China chases Indonesia's fishing fleets, staking claim to sea's riches

A photo taken on Jan 30, 2020, shows Indonesian fishermen heading out in waters near Indonesia’s Natuna Islands, in the South China Sea.
A photo taken on Jan 30, 2020, shows Indonesian fishermen heading out in waters near Indonesia’s Natuna Islands, in the South China Sea.PHOTO: NYTIMES

NATUNA ISLANDS, INDONESIA (NYTIMES) - Mr Dedi knows where the fish run strongest in Indonesian waters off the Natuna islands. The Chinese know too.

Backed by armed Chinese coast guard ships, Chinese fishing fleets have been raiding the rich waters of the South China Sea that are internationally recognised as exclusively Indonesia's to fish.

While Mr Dedi catches the traditional way, with nets and lines, the steel Chinese trawlers scrape the bottom of the sea, destroying other marine life. So not only does the Chinese trawling breach maritime borders, it also leaves a lifeless seascape in its wake.

"They come into our waters and kill everything," said Mr Dedi, who like many Indonesians goes by a single name. "I don't understand why our government doesn't protect us."

Wary of offending its largest trading partner, Indonesian officials have played down incursions by Chinese fishing boats, trying to avoid conflict with Beijing over China's sprawling claims in those waters. But with the Chinese presence growing more aggressive, fishers in the Natunas are feeling vulnerable.

"There was a vacant period, then China came back," said Mr Ngesti Yuni Suprapti, the deputy regent of the Natuna archipelago. "Our fishermen feel scared."

The latest episode occurred in February, fishers said, when Chinese boats flanked by Chinese coast guard vessels dropped their trawl nets yet again. It seemed as if the coronavirus outbreak peaking in China at the time hadn't diminished the country's global ambitions.

The Indonesian Fisheries Ministry, however, denied any intrusion by the Chinese. The Indonesian government does not provide data on incursions by foreign fishing boats.

China's illegal fishing near the Natunas carries global consequence, reminding regional governments of Beijing's expanding claims to a waterway through which one-third of the world's maritime trade flows. But local leaders in the Natunas don't control what happens near their shores.

"We only have authority over our land," said Mr Andes Putra, the head of the Natunas Parliament. "The provincial and central governments handle the seas."

Yet with multiple agencies responsible for protecting the seas - the navy, the coast guard, the marine police and the Fisheries Ministry, to name several - decision-making is diffuse, analysts said.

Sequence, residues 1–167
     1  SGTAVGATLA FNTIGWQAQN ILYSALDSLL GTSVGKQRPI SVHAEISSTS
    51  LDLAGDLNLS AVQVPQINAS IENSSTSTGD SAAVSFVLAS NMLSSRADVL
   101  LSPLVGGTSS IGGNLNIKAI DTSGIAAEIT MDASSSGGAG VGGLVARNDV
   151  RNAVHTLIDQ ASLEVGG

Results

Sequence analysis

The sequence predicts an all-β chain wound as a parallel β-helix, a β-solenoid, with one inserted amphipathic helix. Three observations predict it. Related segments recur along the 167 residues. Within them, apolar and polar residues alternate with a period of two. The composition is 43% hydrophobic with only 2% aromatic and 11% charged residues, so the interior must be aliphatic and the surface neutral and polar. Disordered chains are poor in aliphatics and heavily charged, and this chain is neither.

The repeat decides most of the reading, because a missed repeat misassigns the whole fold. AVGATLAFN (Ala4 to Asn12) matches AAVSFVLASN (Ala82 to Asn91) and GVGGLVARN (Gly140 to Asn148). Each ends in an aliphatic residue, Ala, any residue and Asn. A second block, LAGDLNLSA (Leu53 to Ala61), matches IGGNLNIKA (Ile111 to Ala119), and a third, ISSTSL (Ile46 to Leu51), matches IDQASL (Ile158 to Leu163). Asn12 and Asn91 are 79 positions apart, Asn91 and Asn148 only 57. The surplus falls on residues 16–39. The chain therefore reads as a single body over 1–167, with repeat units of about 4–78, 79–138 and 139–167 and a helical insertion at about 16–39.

"There is a lack of a single coherent lead agency or a single coherent policy for maritime security," said Mr Evan Laksmana, a senior researcher at the Centre for Strategic and International Studies in Jakarta, the Indonesian capital. "The Chinese can take advantage of that."

Chinese impunity was on full display in January when President Joko Widodo of Indonesia visited the Natunas.

"There is no bargaining when it comes to our sovereignty," Mr Joko said. Earlier, Indonesian fighter jets buzzed the sky, while warships patrolled the seas.

But the day after Mr Joko left the Natunas, the Chinese showed up again. Its fishing fleet, backed by the Chinese coast guard, took days to leave the area, local officials and fishers said.

The Fisheries Ministry denied that any such incident had taken place.

"Little by little, I think the Chinese will take the Indonesian sea, the Philippine Sea, the Vietnamese sea," said Mr Wandarman, a fisherman in the Natunas. "They are hungry: oil, natural gas, and lots and lots of fish."

The Chinese fishers are helping feed the country's growing appetite for seafood by trawling the South China Sea. But they are also serving a broader purpose.

"Beijing wants Chinese fishers to operate here," said Assistant Professor Ryan Martinson at the China Maritime Studies Institute at the US Naval War College, "because their presence helps to embody China's maritime claims".

 
 

In late October, one day after Mr Joko's new Cabinet was installed, Mr Dedi's boat was well within the 200 nautical mile exclusive economic zone in which only Indonesians are permitted by international law to fish.

A Chinese coast guard vessel appeared, then another. Mr Dedi scrambled to record video of his boat's coordinates, 72 nautical miles north of the Natunas.

While it is not illegal for foreign military vessels to transit through these waters, the coast guard ships were protecting the Chinese trawlers.

After handing over his video to local maritime authorities, Mr Dedi waited for action. Nothing happened, so he posted it on Facebook. Indonesian security services called him, he said, and sounded vaguely threatening.

To counter China's presence, Indonesia began building a military base in the Natunas four years ago. Today, the facility is mouldering, empty of all but a few soldiers. Only a handful of Indonesian coast guard craft regularly patrol the waters off the islands.

Jakarta's latest tactic is to relocate hundreds of fishers from the populous Indonesian island of Java to the Natunas to act as maritime sentries.

But fishers in the Natunas oppose the idea, since the Javanese are subsidised by the state and do the same destructive bottom trawling as the Chinese.

 
 

Mr Wandarman said that because of the profusion of foreign boats in recent months, his catch had declined by half.

But fishing is his livelihood, Mr Wandarman said. The island he lives on has only two traffic lights, and not much to support it economically besides the sea.

"Our boats are small and wooden, and the Chinese coast guard is armed and modern," Mr Wandarman said. "My fear out there is bigger than the sea is big."